Cricket fans in Pakistan find themselves in a state of frustration and despair as they remain unable to travel to India for the ongoing ICC Cricket World Cup due to a lack of clarity on acquiring Indian visas. Several ticket holders for the tournament have expressed their disappointment, as they fear that their investment in match tickets may go to waste, with the Indian High Commission in Pakistan yet to announce a visa policy for Pakistani fans.
The tournament kicked off on October 5, and the highly anticipated clash between India and Pakistan is set to take place this Saturday, making this issue even more pressing for cricket enthusiasts. Umer Faizan, a cricket fan from Islamabad who had tickets to Pakistan’s first two matches, explained, “We are not eligible for a refund as we fall under the ‘no-show’ category. The tournament has been underway for nearly a week, but there is still no visa policy for Pakistani fans.”
The visa-seeking process between the two nations, with a history of tense diplomatic relations, is arduous and time-consuming. It typically involves extensive background security checks conducted by government security agencies on both sides, leading to significant delays. Special visa policies are usually created to accommodate match ticket holders and journalists covering such events, but the lack of information has left many in a state of limbo.
Faizan, who purchased tickets in a pre-sale offer two months before the tournament began, expressed his disappointment, saying, “I bought the tickets with three other friends, and it was going to be a trip of a lifetime for us to watch our team in India, but we have no information on how to get an Indian visa.”
The Pakistan Cricket Board (PCB) has raised concerns about the predicament faced by fans and journalists and conveyed their message to the Indian government through diplomatic channels. The PCB Chairman, Zaka Ashraf, has urged Pakistan’s Foreign Secretary to take up the issue with India’s Home Ministry via the Pakistan High Commission Office in New Delhi.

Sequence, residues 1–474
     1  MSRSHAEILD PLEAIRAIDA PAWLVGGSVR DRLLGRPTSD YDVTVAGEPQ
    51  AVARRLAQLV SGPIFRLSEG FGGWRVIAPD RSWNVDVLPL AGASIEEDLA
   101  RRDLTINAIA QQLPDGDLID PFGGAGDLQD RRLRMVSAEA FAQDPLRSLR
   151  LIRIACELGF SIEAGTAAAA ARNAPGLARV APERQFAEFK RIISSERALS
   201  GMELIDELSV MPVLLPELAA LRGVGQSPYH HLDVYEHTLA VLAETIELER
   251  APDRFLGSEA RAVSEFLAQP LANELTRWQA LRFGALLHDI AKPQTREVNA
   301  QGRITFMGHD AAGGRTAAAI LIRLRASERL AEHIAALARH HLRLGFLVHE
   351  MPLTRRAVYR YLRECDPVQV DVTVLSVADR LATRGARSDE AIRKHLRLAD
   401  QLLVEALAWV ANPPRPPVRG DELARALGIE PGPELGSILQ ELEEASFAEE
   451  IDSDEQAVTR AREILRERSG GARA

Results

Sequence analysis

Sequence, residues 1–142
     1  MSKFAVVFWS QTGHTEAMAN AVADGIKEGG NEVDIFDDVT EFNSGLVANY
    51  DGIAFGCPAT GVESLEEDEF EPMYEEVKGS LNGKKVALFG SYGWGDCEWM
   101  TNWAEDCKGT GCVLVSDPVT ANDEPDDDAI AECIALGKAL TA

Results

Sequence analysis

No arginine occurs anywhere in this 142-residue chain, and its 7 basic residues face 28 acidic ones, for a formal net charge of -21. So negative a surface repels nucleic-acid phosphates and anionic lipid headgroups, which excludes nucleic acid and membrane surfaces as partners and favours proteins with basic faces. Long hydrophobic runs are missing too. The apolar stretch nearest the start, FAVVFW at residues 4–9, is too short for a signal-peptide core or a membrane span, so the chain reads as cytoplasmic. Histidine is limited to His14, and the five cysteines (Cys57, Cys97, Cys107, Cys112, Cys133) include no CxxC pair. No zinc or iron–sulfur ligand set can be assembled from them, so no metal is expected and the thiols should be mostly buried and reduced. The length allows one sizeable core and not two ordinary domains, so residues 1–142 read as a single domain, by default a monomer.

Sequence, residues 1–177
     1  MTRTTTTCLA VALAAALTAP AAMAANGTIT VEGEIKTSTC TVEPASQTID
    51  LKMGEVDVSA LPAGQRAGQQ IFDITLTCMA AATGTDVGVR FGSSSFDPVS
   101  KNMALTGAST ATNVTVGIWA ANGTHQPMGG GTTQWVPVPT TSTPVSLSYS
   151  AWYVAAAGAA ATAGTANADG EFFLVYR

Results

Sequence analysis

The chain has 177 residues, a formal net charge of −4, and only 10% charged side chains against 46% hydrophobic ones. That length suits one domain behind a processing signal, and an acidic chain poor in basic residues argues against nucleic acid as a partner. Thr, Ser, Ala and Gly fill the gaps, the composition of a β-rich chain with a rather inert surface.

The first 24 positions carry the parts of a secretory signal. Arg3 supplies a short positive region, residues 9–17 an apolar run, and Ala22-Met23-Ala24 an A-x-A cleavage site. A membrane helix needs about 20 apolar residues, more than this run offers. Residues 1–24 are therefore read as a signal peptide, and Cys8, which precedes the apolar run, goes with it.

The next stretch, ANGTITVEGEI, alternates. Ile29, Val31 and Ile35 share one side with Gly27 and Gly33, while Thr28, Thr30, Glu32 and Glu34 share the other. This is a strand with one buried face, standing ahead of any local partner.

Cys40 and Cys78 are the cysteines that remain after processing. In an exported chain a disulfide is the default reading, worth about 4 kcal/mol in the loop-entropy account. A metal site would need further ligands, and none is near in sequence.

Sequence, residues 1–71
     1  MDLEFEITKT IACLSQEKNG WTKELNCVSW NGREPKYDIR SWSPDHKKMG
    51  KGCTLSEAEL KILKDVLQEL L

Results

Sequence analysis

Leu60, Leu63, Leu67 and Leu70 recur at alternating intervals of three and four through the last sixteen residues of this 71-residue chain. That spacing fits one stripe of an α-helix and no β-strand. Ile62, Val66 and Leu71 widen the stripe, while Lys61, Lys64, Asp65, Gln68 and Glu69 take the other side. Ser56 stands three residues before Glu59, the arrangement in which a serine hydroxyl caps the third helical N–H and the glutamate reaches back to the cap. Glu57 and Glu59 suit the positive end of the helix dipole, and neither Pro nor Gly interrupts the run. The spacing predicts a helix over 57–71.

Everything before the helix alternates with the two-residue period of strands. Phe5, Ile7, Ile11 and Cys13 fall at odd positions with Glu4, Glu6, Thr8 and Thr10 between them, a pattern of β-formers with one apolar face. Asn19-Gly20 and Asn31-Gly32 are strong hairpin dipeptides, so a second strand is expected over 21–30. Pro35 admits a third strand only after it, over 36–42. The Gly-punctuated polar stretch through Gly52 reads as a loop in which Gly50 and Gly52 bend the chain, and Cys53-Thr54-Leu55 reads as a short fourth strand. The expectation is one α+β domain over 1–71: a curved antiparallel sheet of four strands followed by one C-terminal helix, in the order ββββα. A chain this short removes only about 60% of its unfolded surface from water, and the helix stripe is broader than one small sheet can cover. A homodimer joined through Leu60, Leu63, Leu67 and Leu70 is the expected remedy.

Diplomatic relations between Pakistan and India have been downgraded since the 2019 tensions stemming from attacks in Indian-administered Kashmir and India’s subsequent cross-border air attacks on what it labeled as “terrorist training camps.”
In a recent development, Pakistani journalists have been asked to submit their passports to obtain visas, following Ashraf’s conversation with the foreign office, which helped achieve this positive development. Previously, the ICC had asked Pakistani journalists to submit their questions for Pakistan’s post-match press conferences via WhatsApp messages to the PCB’s media team, who would read them out to the cricket team’s representatives.
In 2011, India co-hosted the tournament with Bangladesh and Sri Lanka, and several Pakistani fans and journalists were able to travel across the border for their team’s semifinal against their neighboring country. However, this time, many are facing unprecedented challenges.
Sana Kazmi, a dedicated Pakistani fan, watched the semifinal in Mohali in 2011 but has canceled her plans to cross the border this time, noting the difficulties in accessing the Indian visa website. She also pointed out that Pakistani fans and journalists encountering these issues receive crude and insulting responses on social media when they seek help from Indians.
A Pakistani fan who holds tickets for the marquee clash at Ahmedabad on Saturday has nearly given up on the hope of witnessing the action at the world’s largest cricket stadium. He shared his frustration, saying, “I spent thousands of Pakistani rupees to get my hands on a ticket, but it will all go to waste as I have no hopes of getting a visa in time.” Despite his efforts to reach out to government officials in Islamabad, he remains as clueless about the visa process as many others in his situation.
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